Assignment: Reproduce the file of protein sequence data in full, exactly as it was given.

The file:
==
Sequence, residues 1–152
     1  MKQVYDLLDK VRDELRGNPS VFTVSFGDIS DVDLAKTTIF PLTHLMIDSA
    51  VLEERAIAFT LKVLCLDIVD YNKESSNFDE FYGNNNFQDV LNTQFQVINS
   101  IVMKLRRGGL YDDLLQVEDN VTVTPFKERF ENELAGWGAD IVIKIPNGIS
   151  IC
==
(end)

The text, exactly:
Sequence, residues 1–152
     1  MKQVYDLLDK VRDELRGNPS VFTVSFGDIS DVDLAKTTIF PLTHLMIDSA
    51  VLEERAIAFT LKVLCLDIVD YNKESSNFDE FYGNNNFQDV LNTQFQVINS
   101  IVMKLRRGGL YDDLLQVEDN VTVTPFKERF ENELAGWGAD IVIKIPNGIS
   151  IC